As expected, WarnerMedia (formerly Time Warner) is planning to launch over-the-top video service featuring Warner Bros. and HBO catalog content, in addition to Turner Sports fare. The media company will disclose more details in the fourth quarter, AT&T CEO Randall Stephenson told an investor group.
Speaking Sept. 12 at Goldman Sachs 27thAnnual Communacopia confab in New York, Stephenson said premium digital content – notably HBO – is the focus in today’s home entertainment market.
“HBO, we think in terms of SVOD, is a very unique asset,” Stephenson said. “Netflix is the Walmart of SVOD and HBO is the Tiffany. It is a very premium high-end brand. And Turner is one of the best networks around.”
The executive’s comments underscore AT&T’s main decision to spend $85 billion acquiring Time Warner – a transaction currently under appeal by the Department of Justice: Premium content.
“Longform scripted content for a world of media, we like what we’ve got,” Stephenson said. “And digital, CNN.com is the most-visited news website in the world.”
And with that content, Stephenson said it is imperative to deal directly to the consumer. He said existing media companies have traditionally operated on a wholesale business model. Today, these companies have to aggressively go after the consumer with OTT video.
“Direct-to-consumer relationships are really critical. And with AT&T, we have 170 million direct-to-consumer relationships … to leverage and distribute this content,” he said. “And if you put together CNN.com, BleacherReport and Otter Media, the monthly … number gets closer to 300 million.”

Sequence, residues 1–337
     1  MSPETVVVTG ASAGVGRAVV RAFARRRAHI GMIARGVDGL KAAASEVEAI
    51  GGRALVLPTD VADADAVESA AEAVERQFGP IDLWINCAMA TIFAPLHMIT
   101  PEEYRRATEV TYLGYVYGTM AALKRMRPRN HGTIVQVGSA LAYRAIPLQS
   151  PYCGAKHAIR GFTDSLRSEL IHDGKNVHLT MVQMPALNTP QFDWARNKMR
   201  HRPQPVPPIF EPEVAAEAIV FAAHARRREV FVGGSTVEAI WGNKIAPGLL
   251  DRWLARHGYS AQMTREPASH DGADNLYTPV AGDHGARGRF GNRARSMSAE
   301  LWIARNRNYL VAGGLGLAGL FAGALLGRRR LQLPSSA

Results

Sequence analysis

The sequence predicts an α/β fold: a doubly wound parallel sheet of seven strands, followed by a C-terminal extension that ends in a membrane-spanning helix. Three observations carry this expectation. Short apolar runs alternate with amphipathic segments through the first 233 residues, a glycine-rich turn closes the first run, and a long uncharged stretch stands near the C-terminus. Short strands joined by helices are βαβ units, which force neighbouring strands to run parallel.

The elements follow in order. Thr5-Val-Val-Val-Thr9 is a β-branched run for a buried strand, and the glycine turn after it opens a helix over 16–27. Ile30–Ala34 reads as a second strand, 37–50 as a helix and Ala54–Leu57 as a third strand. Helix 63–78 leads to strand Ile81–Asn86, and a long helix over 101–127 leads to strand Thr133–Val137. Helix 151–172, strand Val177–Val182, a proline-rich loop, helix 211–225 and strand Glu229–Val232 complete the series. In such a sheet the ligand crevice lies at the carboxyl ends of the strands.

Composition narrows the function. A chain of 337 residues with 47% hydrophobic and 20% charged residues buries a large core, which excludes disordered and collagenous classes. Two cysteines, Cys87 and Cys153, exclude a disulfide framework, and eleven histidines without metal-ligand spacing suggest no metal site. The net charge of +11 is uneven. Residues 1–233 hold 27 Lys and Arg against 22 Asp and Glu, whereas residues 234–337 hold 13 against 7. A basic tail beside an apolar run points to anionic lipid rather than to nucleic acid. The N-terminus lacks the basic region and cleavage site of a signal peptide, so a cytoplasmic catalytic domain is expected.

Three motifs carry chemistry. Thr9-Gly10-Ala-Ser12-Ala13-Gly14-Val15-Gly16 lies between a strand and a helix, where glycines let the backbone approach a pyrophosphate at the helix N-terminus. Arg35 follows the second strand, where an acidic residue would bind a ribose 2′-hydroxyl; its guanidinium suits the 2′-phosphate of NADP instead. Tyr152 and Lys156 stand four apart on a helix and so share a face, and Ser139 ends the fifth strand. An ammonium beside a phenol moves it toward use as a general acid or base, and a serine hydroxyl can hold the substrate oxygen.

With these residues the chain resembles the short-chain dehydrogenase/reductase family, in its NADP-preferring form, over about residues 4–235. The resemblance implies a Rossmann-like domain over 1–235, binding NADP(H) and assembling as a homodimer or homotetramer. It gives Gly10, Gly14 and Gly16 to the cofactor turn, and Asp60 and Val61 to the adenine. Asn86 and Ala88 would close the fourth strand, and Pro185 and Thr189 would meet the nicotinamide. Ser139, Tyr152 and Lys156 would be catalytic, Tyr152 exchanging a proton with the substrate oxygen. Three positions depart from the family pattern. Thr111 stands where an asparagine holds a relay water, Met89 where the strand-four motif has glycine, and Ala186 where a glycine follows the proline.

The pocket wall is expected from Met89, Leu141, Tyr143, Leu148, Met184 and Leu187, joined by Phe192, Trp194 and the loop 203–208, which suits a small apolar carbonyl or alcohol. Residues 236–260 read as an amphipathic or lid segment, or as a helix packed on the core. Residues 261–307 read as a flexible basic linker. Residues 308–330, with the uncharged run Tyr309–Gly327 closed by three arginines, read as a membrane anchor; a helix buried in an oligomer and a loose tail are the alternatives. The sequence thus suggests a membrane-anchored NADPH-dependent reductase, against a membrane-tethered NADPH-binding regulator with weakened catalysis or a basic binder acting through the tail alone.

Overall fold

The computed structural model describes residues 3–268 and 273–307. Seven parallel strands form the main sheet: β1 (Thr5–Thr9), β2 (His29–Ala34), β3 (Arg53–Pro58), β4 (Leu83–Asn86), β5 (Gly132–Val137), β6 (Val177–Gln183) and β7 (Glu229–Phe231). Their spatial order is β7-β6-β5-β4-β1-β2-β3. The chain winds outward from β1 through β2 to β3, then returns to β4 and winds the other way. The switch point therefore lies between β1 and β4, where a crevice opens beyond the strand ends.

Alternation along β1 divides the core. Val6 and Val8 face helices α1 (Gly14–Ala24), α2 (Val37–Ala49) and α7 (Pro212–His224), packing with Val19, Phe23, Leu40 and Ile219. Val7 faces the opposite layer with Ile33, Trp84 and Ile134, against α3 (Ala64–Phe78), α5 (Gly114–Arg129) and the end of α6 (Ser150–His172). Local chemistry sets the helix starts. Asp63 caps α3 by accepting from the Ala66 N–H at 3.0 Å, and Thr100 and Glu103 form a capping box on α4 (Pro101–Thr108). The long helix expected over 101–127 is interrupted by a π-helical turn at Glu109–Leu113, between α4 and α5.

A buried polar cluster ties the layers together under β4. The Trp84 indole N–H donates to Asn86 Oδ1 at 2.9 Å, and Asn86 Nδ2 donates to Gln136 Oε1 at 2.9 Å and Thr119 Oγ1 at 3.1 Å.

Indeed, Stephenson and WarnerMedia CEO John Stanley contend HBO remains an underutilized brand. In an earlier town hall meeting among employees over the summer, Stankey said he would tighten the screws on HBO, in addition to upping production budgets.
Stephenson reiterated that pledge.
“You’d like to fill out the schedule on HBO … but we’re not talking about Netflix-scale investments,” he said.
When asked about the DOJ’s appeal, Stephenson said 600 days had transpired since AT&T first announced its intention to acquire Time Warner. He called it an interesting process.
Specifically, Stephenson said DOJ’s antitrust case was not “very compelling,” adding the federal judge’s order revealed the government’s weaknesses in the case.
“So, the DOJ lost this case and the burden of proof was on them. And they didn’t come close to meeting the burden of proof,” he said. “And now they appeal. We don’t have to overcome the burden of appeal.”